March 7, 2010

Cornell Researchers Addresses Climate Impact on Bird Migrations

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The pattern between winter weather and bird migration seems to be common knowledge: birds fly south for the winter. But how does climate really limit bird distributions and what changes have scientists seen as global climate patterns continue to fluctuate?

Prof. Benjamin Zuckerberg, ornithology, attempted to answer these questions. In his lecture March 2 in Fernow Hall, Zuckerberg discussed the link between climate and bird occupancy. A bird occupancy pattern describes the settlement of birds in different locations as they migrate throughout the year.

However, the theory that temperature affects bird occupancy suffers several flaws. For example, the climate is not constant, and species adapt to different environmental conditions over time. Arguably, food availability affects bird occupancy more significantly than climate patterns does.

“Obviously range boundaries are telling us something, but I think there’s been an overemphasis,” Zuckerberg said. “Although range boundaries are interesting, it’s not the whole story.”

In order to study bird occupancy patterns, researchers need to know the locations of birds. Although radio frequency identification tags can track birds, the Lab of Ornithology gets most of its data through volunteer service. This method of data collection, called “citizen science,” allows researchers to amass large amounts of data, engages the public in research and promotes science education.

Ontario’s Long Point Bird Observatory conceived “Project FeederWatch” in the mid-1970s, and it became a joint project with the Cornell Lab of Ornithology in 1987. Now, FeederWatch is a continent-wide network of over 10,000 volunteer birdwatchers, who contribute bird-sighting data for scientific analysis. FeederWatch participants count and identify the birds they observe at their feeders from the months of November through April.

Zuckerberg and his associates take climate data obtained from the Northeast Regional Climate Center, overlay the FeederWatch sites and look for associations between them. So far, they have discovered that the minimum temperature of an area is likely an important component in whether birds occupy that area during winter or not.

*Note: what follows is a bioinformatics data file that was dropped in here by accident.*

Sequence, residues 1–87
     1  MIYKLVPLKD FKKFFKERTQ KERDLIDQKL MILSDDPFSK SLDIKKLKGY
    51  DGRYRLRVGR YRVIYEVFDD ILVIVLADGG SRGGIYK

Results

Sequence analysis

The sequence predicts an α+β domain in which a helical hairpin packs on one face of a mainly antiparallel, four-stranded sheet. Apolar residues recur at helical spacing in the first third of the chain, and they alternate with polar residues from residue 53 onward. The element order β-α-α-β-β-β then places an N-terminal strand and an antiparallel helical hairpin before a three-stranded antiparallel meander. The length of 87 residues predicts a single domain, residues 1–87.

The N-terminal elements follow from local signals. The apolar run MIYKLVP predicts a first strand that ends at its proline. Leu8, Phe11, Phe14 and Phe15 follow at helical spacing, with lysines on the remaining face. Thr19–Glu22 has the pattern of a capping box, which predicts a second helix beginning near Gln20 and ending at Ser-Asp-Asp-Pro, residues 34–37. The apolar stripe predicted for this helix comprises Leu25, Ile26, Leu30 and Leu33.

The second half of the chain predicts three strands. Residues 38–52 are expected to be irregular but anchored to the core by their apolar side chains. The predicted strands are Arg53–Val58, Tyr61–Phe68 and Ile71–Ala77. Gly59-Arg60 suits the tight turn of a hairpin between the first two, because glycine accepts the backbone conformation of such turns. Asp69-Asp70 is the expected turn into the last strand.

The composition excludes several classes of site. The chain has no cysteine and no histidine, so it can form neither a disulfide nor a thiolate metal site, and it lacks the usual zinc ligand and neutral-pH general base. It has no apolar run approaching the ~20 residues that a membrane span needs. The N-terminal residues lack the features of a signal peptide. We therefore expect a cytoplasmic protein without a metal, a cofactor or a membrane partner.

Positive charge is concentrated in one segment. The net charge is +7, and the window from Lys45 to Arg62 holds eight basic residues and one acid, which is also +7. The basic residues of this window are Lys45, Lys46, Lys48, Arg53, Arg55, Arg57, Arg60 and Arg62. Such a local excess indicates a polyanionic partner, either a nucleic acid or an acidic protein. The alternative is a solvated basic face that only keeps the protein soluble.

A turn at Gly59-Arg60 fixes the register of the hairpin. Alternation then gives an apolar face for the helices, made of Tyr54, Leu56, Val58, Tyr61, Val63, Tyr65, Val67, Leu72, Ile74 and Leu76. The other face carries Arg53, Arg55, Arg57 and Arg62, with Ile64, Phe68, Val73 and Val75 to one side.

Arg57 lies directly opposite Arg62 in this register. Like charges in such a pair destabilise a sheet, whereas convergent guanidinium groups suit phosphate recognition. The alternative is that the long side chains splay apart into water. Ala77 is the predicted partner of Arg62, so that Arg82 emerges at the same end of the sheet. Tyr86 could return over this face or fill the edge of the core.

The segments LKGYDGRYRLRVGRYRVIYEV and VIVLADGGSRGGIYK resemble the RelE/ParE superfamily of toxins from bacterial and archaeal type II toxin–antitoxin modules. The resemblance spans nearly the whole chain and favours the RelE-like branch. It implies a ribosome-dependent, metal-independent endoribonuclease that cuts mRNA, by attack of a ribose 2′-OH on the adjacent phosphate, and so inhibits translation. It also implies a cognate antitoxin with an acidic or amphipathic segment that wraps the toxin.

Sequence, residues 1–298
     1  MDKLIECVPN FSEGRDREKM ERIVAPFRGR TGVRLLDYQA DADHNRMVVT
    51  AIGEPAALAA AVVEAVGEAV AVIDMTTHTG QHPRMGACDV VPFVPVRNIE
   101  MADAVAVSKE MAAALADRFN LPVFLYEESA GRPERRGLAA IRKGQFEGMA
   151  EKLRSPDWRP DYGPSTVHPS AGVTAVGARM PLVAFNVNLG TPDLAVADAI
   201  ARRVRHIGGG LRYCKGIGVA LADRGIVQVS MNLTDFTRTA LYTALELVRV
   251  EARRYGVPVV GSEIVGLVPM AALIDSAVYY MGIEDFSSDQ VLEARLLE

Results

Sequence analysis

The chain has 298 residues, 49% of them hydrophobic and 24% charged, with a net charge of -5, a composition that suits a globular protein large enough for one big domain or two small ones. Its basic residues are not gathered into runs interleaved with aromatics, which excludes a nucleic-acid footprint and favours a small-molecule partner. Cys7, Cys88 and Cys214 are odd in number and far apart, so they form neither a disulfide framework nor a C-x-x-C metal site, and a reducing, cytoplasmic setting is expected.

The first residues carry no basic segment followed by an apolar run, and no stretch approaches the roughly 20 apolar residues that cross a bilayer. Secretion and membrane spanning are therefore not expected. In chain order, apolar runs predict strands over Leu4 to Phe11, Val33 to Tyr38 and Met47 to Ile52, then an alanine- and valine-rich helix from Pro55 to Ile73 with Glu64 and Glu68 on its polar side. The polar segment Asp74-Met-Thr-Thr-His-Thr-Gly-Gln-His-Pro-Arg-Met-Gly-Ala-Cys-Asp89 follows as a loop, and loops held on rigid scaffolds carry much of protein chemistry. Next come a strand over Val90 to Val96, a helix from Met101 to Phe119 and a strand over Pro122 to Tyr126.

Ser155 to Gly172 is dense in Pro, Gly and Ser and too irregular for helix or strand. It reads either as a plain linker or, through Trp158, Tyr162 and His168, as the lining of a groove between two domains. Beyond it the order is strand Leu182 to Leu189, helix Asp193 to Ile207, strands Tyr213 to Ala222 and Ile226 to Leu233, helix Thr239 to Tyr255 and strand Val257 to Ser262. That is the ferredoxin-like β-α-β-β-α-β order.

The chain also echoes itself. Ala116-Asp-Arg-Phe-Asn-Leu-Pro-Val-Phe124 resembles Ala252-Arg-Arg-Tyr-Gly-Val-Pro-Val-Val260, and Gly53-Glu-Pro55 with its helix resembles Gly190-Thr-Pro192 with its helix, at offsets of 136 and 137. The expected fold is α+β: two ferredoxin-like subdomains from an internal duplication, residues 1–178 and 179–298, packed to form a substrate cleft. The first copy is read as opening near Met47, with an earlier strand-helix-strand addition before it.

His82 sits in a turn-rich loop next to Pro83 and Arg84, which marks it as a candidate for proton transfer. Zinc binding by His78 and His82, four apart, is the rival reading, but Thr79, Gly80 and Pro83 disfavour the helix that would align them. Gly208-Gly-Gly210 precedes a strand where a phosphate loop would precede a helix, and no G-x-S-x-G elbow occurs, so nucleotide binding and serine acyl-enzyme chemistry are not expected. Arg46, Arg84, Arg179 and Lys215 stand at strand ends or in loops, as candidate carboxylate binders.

Researchers see a strong correlation when comparing the areas’ minimum temperatures to temperatures in areas of extinction — characterized by bird absence due to mortality or emigration — and areas of colonization, showing bird presence due to a shift in food resources or immigration. For the species studied by the FeederWatchers, the probability of occupancy drops dramatically when the minimum average temperature of an area is below negative 4 degrees Celsius.

A major problem in occupancy modeling is imperfect “detectability,” meaning that, just because birdwatchers do not see a bird, does not mean it is not there. Since bird feeders are only supplements to a bird’s normal diet, birds tend to visit feeders less often — and be counted less often — when temperatures are warm and food is plentiful. Birds can be misidentified by new and inexperienced birdwatchers. Also, birdwatchers typically spend only a few hours a week watching their feeders, missing many potential sightings.

The unreliability of climate data can create problems too. Different climate models place importance on different variables, and no model can perfectly reproduce such a complex system.

Zuckerberg stated that the future could bring multi-year and multi-scale studies of bird occupancy patterns. With enough data, future backtesting could test the accuracy of current predictions and hopefully stabilize understanding of the link between climate and bird occupancy. It could even answer the question of whether migrating birds might be sentinels of climate change.

Data from the FeederWatch project participants is instrumental to the completion of these goals, since, as Zuckerberg noted, “Winter bird behavior is a really understudied field.”

Original Author: Jacquelyn Heim